Art in America, May 2015, Vol. 103, N° 5, p. 169-170
by Wade Saunders & Anne Rochette —
The sculptures of Takis (born Panayiotis Vassilakis) have waned from view over the past 20 years. Now, simultaneous exhibitions—a compact one at the Menil Collection in Houston and a comprehensive one at the cavernous Palais de Tokyo in Paris—offer welcome overviews of his work.
Takis was born into a large, poor family in Greece in 1925. At only 20, he was sent to prison for six months for his involvement in the youth wing of the leftist resistance. The year 1954 was pivotal: Takis learned to forge and weld iron, a working process that allowed him to move his sculpture away from a derivative figuration, and he moved to Paris, as little intellectual life survived the brutal German occupation of Greece and the economically devastating civil war. There he quickly encountered Yves Klein and the other artists who became known as the Nouveaux Realistes. Soon after, he met Gregory Corso and through him befriended expatriate American Beats, whose radical social views and passion for talking and performing meshed with Takis’s own. In 1969 he tried to physically remove one of his sculptures from a group show at MoMA in New York to protest a number of the museum’s policies. His action precipitated the founding of the Art Workers’ Coalition. Though peripatetic, he has always remained connected to Greece, and now lives there.
Among the earliest works Takis exhibited, in a 1955 London show, were modestly scaled sculptures of odds and ends attached to the top of reedlike rods, which he called “Signals.” Returning from London, he had a long, unplanned wait at the Calais train station, where the appearance of signal poles in their variety and profusion struck him; over the next five decades he constructed scores of much taller “Signals” by welding objects, or sometimes electric lights, to the upper ends of steel poles sprouting from low steel bases. Twenty-eight of these, dated 1955-76, are on view together at the Palais de Tokyo. Most bases anchor two or three stems, which often list slightly. Takis even mounted fireworks atop a couple such pieces and used them in adventuresome street performances. The tallest Signal in the Paris show reaches 15 feet high, and eight are surmounted by randomly blinking lights. The ensemble forms a grove of indecipherable signs.
Magnets, both ordinary and electric, figure in many of Takis’s pieces, starting in 1958. He called magnetic force a fourth dimension, offering a metaphysical rationale for inventiveness. In the simplest works here, magnets are placed behind bright monochromatic canvases hung on the wall. Five small sheet-metal cones, tethered by fine threads to a high ceiling beam, hover in space just in front of each painting’s surface, wittily embodying Zeno’s arrow paradox. In his kinetic Électromagnétique (1966), a black fiberglass sphere, 45 inches in diameter, is suspended above a strong electromagnet. When the magnet is activated it repels the sphere, which hypnotically bobs, jerks and swings around the magnet in a stately, unpredictable dance.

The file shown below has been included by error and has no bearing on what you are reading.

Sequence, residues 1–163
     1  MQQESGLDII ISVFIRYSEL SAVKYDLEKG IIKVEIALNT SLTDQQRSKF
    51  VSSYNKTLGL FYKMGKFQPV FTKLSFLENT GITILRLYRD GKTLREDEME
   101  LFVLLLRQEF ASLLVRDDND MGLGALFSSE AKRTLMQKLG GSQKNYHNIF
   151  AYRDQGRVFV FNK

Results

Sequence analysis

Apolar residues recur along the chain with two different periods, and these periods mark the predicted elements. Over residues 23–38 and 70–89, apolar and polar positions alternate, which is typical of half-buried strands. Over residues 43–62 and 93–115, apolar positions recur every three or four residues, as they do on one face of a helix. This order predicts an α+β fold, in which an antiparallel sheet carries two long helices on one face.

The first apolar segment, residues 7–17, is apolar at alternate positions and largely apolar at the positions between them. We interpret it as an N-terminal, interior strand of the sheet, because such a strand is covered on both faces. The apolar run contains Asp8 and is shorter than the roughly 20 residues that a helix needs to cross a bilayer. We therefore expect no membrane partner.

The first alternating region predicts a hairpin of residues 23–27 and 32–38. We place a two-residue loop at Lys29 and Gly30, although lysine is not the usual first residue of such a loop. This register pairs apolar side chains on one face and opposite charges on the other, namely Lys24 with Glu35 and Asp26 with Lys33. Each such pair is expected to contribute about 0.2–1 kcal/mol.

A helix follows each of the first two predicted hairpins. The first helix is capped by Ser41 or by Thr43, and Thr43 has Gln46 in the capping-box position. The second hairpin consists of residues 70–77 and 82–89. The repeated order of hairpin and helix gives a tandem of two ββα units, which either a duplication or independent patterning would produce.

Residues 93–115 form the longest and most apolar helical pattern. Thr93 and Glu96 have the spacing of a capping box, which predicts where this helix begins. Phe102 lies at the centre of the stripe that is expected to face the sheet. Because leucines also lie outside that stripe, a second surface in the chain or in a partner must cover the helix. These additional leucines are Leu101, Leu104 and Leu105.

Takis combined magnetism and cathodes in his brilliant “TéléView lumières,” begun in 1961. In each of the three shown in Paris, he surrounded a blown lab-glass vessel—resembling in shape a dwarf saguaro cactus and containing electrical components and liquid mercury—with the menacing high-voltage parts powering it, setting the ensemble in an open, cabinet-size steel frame. The vessels emit an uncanny blue light when the works are turned on and the mercury darts about like crazed, Jell-O-ish pinballs. Idols of the electric age, powerfully animate, these pieces radiate energy. Yet only two of them were working when we visited the show, raising the confounding but familiar question: who will succor obsolete technologies?
Many of Takis’s works are modular, and thus adaptable to differing spaces. At the Palais de Tokyo, two six-part works, dated 1970-2002, from the “Musicales” series are combined. Twelve white panels are placed at regular intervals on a 90-foot-long, curved, black wall. Each 101-by-40-inch panel has a taut guitar or violin string running obliquely across its width and a roughly foot-long needle hanging vertically in front of the string. An electromagnet set within the panel attracts the needle, which strikes or grates on the string, whose vibrations are caught, amplified and then emitted by a hidden speaker near the panel’s top. Each panel produces a different sound depending on the type and tuning of the string, the position and weight of the needle, the strength and duration of the magnetic force, and the volume setting of the amplifier. The elegant and spare installation produces an aleatory and unbroken sound field.
Today many artists, dealers and collectors take production values for granted. This show reminds us that before the ’80s, modernist artists rarely sought a vacuous perfection. Takis’s rough craftsmanship empowered him to create daring and unexpected sculptures. But he’s an artist sometimes susceptible to his own passionate confidence. The show includes two very eccentric life-cast bronze sculptures from his mid-’70s series “Érotiques.” In St. Sebastian (1974) the bizarre ithyphallic nude, headless and with truncated limbs, sits atop a black sphere; three magnetically attracted “arrows” threaten his torso. But even in such jaw-dropping works, Takis jubilates, and that’s a fourth dimension few can resist.